Imagine yourself a manufacturer purchasing a machine to enhance your production line. Imagine a salesperson closing the deal by providing a 1-800 number to call and report any new machine operators. Imagine hiring a worker and bringing them to this machine with no training and no awareness of the expected process. Imagine turning the machine on, reporting to the 1-800 line, assuring the worker that someone from the machine company will be contacting them, wishing “good luck” then walking away. If this scenario could ever happen in reality, ask these questions:
– Might the employee be frustrated, to the point of seeking retribution?
– Is your trust in the machine company foolish?
– What outcome would you expect from that production area?
This absurd example illustrates complete failure on the part of the employer… failure to craft an end-to-end production process and failure to secure the employee by defining a job while shaping the expectation, technical training and awareness of that employee. This is pure “ownership failure”
Think it could never happen at a real company? Think again. Ownership failure is common in even the most otherwise sophisticated companies when it comes to Workers’ Comp. Of course, any employer with a simple “report it and forget it” WC claim attitude makes this obvious. However, even employers who presume best-practice standards are unaware that they still fail to own their WC process. Consider this simple test for your company representing just a few ownership failure indicators:
-Can any non-claimant employee explain your WC process beyond the simple “report to supervisor” requirement?
-Do your line-supervisors have more end-to-end WC responsibilities than just taking an initial report?
– Do you have an internal WC coordinator as the main employee contact who facilitates every WC aspect directly with employees?
-Is return to work activity evident with evaluations and paper trails on every lost-time claim?
-Do designated medical facilities communicate with your WC coordinator on all claims?
-Do your management ranks know the cost of workers’ comp as they would know the cost of raw materials or as they would understand your profit margins?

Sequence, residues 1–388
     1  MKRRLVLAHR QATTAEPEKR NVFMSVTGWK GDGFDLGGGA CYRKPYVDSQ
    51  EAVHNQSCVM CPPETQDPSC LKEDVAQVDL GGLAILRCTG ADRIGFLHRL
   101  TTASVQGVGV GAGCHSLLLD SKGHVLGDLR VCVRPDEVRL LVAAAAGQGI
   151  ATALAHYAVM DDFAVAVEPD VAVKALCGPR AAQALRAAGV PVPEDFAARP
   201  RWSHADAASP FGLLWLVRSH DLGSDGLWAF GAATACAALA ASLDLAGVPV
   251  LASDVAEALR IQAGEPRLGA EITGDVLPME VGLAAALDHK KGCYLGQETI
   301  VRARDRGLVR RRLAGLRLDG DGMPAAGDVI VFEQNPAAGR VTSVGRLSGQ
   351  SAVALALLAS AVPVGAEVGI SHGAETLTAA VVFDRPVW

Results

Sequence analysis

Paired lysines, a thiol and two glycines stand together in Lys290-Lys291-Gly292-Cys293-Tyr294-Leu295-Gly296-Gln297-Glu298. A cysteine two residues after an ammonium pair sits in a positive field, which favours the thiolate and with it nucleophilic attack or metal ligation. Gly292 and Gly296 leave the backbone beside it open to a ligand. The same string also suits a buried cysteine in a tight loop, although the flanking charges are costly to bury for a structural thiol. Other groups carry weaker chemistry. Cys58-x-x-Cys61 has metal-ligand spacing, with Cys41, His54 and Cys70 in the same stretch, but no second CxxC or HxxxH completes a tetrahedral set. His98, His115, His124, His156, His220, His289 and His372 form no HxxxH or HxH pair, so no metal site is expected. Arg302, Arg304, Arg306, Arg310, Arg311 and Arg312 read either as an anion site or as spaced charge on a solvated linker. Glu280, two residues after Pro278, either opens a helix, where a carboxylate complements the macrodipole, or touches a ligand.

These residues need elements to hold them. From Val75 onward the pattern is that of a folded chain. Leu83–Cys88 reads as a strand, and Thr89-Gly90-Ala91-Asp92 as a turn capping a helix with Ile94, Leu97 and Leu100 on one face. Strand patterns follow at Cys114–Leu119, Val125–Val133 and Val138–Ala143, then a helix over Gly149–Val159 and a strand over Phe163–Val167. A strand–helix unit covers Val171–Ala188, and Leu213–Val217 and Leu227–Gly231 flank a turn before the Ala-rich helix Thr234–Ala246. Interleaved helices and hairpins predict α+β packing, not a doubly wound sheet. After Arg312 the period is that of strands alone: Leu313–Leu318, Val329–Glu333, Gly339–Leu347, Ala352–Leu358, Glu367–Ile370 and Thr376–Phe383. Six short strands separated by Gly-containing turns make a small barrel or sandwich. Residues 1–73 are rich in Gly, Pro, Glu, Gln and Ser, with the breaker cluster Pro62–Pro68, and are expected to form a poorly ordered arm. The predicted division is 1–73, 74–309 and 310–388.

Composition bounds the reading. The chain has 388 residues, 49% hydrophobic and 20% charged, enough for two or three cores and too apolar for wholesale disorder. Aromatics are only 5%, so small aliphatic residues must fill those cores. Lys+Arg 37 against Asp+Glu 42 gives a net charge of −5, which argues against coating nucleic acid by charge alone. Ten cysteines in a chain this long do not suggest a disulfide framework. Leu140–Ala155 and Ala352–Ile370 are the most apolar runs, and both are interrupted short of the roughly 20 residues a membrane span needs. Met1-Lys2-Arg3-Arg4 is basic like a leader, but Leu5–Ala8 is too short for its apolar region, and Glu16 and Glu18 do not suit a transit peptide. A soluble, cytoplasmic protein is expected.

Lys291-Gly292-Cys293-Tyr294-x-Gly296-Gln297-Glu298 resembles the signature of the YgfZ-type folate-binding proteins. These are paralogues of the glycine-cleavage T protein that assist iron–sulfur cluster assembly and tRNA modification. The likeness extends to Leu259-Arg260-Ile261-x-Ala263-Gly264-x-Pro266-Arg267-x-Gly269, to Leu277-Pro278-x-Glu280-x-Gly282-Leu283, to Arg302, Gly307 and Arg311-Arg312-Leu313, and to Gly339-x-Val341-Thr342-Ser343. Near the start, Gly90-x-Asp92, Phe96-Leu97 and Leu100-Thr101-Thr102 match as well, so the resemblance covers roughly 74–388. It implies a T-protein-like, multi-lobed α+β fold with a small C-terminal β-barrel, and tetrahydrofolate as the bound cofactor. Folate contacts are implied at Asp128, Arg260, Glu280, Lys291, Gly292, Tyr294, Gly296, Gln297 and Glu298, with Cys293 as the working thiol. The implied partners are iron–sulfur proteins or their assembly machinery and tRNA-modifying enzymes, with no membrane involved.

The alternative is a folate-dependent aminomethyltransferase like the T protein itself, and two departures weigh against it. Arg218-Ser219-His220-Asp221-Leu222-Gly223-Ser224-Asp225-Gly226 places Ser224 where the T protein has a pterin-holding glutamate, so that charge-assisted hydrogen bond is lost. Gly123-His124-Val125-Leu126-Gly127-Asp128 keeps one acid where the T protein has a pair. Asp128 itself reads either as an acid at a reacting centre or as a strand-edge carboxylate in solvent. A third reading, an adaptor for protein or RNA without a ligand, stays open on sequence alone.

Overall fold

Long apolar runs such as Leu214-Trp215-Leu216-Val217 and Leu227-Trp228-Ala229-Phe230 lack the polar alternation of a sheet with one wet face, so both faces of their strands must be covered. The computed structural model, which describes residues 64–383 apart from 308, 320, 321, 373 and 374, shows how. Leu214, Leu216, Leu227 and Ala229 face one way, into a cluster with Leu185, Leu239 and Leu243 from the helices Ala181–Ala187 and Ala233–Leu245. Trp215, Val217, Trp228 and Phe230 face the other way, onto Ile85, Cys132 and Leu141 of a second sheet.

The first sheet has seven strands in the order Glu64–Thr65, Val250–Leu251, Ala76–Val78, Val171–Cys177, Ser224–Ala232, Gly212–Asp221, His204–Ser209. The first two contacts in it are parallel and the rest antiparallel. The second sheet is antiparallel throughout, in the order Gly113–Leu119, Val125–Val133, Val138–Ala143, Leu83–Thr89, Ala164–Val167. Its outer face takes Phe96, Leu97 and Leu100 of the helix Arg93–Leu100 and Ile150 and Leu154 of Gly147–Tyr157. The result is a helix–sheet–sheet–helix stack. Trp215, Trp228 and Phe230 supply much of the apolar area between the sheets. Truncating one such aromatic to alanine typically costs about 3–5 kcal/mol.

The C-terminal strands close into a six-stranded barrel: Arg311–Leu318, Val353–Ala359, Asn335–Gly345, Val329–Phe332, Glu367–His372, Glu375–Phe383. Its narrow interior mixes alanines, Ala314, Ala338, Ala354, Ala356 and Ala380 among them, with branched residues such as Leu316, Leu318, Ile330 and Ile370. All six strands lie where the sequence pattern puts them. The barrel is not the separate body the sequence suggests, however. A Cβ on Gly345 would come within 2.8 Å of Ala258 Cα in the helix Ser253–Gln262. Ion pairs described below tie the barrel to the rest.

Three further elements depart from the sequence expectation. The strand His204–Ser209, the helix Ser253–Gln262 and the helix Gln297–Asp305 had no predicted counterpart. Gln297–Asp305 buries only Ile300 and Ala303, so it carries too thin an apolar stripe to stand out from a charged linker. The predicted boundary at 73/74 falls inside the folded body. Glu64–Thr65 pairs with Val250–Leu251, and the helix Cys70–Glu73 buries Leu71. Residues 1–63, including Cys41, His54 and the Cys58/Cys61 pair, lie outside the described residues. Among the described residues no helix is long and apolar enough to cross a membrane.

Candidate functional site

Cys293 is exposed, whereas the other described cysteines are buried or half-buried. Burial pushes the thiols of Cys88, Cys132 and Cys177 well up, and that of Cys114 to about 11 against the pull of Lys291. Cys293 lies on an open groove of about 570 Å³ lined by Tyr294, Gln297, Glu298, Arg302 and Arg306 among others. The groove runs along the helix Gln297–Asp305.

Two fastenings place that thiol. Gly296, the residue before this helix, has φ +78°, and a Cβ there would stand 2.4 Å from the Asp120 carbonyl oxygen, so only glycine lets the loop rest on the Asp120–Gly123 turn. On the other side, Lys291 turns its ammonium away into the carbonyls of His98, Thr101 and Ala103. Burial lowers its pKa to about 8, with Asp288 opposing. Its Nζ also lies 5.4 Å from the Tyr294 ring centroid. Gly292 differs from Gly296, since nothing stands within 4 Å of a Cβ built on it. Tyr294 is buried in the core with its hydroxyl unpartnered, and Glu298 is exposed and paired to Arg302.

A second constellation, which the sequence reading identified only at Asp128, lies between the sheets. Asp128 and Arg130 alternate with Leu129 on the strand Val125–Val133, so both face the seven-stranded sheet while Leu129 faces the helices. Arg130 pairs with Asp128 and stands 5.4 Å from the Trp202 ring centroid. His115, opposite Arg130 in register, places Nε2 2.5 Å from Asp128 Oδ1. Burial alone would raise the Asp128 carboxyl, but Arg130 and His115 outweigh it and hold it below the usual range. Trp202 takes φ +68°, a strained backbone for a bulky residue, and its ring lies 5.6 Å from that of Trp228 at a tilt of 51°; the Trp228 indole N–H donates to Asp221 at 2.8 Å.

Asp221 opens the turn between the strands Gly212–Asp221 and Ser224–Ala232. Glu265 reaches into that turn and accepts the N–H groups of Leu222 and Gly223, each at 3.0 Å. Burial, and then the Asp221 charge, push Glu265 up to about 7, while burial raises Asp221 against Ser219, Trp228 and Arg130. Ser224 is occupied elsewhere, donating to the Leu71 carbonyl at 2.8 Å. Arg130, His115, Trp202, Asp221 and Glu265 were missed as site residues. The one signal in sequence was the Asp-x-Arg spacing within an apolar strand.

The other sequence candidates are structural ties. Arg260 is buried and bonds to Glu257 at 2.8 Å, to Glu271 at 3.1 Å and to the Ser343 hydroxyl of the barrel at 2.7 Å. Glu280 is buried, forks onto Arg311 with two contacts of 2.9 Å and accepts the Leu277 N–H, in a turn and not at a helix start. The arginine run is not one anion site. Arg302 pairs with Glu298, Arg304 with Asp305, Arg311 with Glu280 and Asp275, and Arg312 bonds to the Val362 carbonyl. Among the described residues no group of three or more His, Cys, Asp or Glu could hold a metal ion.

If your answers are “no” then there is likely much you have ignored and given up in terms of WC ownership opportunity. Your employees likely see WC as an outside vendor-managed program.
Quick Tip: Brand, Bundle and Own Your WC Program
Here are some high level concepts that are proven to succeed:
-Give your WC program a brand name that signifies your company and transcends any insurer or TPA that might be involved. Own it. Your population needs to respect it at the same level as their actual employment requirements and job duties.
-Combine WC awareness, visibility, training and intervention with other aspects that your employees experience, including: safety, benefits, wellness, production meetings, performance reviews, orientation, etc. Bundle your WC program within the very fabric of your employees’ job.
-Create and sustain a WC process that is all encompassing, more internally managed and replete with internal “warm touches”. The standard vendor claims protocol should be a smaller sub-set of activity, almost a necessary evil, within your program. This aspect is at the core of your employees’ trusted bond that they will be taken care of.
-Don’t worry about being too employee-friendly. The best part about crafting your own super WC program is that it becomes a positive part of the employee’s expected job, and anyone who strays from the expected process is easily identified, interrupted and/or invites denial and defense. Bad actors should be sensed by everyone, not hidden away in the secrecy of a disconnected claim process. The employee culture should understand that abusing the WC process is as plainly wrong as abusing the attendance policy or perpetrating company-theft.
Do you have opportunity to better own your WC program? It is a basic concept that will make a huge difference.